And how can you not admire a company that has been condemned by crazy Donald Wildmon’s so-called American Family Association? As I wrote last November, the AFA has accused the doll company of “luring youth into radical feminist ideology by promoting abortion and lesbianism.” I LOVE when those right-wing fanatics lose it to such an extent that even die-hard Republicans start realizing how insane they are. I can assure you, despite the fact that Josefina’s godmother, Tia Magdalena, is a natural healer, she was not performing illegal abortions on their Santa Fe rancho. And yes, World War II-era Molly is now living with her pretty new English friend Emily, a refugee from the London blitz, but I highly doubt the two nine-year-old girls are getting it on while the rest of the family is out getting their food rations. Yet the American Family Association issued a press release last fall urging people “who care about little girls and about the value of human life to refrain from purchasing products and visiting American Girl Place during the entire Christmas shopping season.” That alone makes me want to empty my wallet in the store.
And boy is that easy to do. The store includes large sections for each of the historical characters, a line of “Just Like You” modern dolls that you can match to your own eye and hair color, the Bitty Baby store where younger girls can buy baby dolls for “endless cuddles and kisses” (what’s the emoticon for endless vomiting?), a bookstore, a doll hair salon, a photo studio, a full-scale restaurant, and finally, the American Girl Theatre which was our destination for the day.
Leah was eager to see the American Girls Revue, a live musical drama that features eight young actresses and four adults, each playing several roles. I was curious to see it too since I read that the show’s book and lyrics were written by Gretchen Cryer, the talented actress/writer who made a big splash in the late 1970s with her feminist musical called “I’m Getting My Act Together and Taking It On the Road.” This autobiographical show opened at the Public Theatre in New York on June 14, 1978, and ran for a whopping 1,165 performances. I actually saw the show twice, once with Gretchen Cryer in the lead and once with the wonderful Phyllis Newman. The musical told the story of a woman auditioning for a new act without any of the traditional showbiz props, no makeup, and no fancy gowns. Instead, we see her transform into an outspoken, liberated woman through her songs. It worked back in the day but it also screamed for parody which it received in spades. The best of the bunch was a hilarious SCTV spoof in which Andrea Martin’s liberated TV personality Libby Wolfson joined forces with her best friend Sue Bopper Simpson (Catherine O’Hara) to stage their feminist musical called “I’m Taking My Own Head, Screwing It On Right, And No Guy’s Gonna Tell Me That It Ain’t.” Pure, unadulterated brilliance. Much to Libby and Sue’s dismay, the one male star of their play, Seth Dick III (Joe Flaherty), cast in the role of “Sexist Pig,” walked away with all of the good reviews.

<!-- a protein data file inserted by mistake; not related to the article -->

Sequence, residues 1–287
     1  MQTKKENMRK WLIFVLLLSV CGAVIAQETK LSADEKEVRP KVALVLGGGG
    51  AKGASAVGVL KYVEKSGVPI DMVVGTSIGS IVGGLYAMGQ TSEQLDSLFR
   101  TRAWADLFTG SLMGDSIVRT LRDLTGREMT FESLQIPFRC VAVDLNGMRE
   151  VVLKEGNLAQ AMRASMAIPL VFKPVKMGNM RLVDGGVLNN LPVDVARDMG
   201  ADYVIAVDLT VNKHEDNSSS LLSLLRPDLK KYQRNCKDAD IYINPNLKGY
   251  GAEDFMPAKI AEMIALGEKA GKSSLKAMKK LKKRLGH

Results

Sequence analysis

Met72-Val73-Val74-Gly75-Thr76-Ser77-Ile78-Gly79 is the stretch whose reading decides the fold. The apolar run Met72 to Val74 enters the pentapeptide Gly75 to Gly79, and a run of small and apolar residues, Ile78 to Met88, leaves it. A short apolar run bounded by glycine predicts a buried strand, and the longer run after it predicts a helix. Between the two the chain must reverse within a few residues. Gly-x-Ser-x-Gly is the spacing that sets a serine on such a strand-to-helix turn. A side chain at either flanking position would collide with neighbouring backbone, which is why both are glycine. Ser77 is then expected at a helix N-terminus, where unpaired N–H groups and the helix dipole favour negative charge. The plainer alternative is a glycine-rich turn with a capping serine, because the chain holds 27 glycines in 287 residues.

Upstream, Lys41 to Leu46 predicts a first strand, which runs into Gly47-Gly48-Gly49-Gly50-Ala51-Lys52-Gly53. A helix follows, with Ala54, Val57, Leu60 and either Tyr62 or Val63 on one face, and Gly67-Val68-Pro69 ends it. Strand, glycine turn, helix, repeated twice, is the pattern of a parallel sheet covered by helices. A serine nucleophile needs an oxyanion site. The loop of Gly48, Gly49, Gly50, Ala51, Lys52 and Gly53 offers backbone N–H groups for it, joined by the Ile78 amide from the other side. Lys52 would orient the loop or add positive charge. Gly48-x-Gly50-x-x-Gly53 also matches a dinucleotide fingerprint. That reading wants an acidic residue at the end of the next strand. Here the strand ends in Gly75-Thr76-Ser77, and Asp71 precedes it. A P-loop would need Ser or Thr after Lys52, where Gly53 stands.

For the American Girls Revue, Gretchen Cryer (who, by the way, is the mother of actor Jon Cryer, star of “Pretty in Pink”) reunited with her “I’m Getting My Act Together” composer, Nancy Ford. I have to say I was a little surprised by the steep $30 ticket price considering they present this show several times a day and it already succeeded in getting us inside their mega-shopping complex. I gulped as the lights dimmed and the overly cutesy voice of a little girl advised us to turn off our cell phones and enjoy the show. (WHY, I asked myself, do adult directors so often encourage child actors to use that cloyingly sweet fake voice that sounds nothing like any real little girl I’ve ever met?) Prepared for the worst, I watched the eight girls walk out onto the mostly bare stage and begin the play. In the story, the modern-day girls are members of an American Girls Club. A shy girl named Laura has just moved to the neighborhood. Her parents have recently split up and the girl’s mother has no idea how she is going to make ends meet now that the father is out of the picture. Laura knows she cannot afford one of the actual American Girl dolls (nice touch!) but the other girls assure her that this is not necessary (indeed, a doll is never seen on the stage, thank God, especially since the audience was full of them). They then proceed to tell the girl the story of the eight historic characters. As they do, each girl takes a turn becoming one of the characters and the adults appear in costume portraying the other people in that character’s life.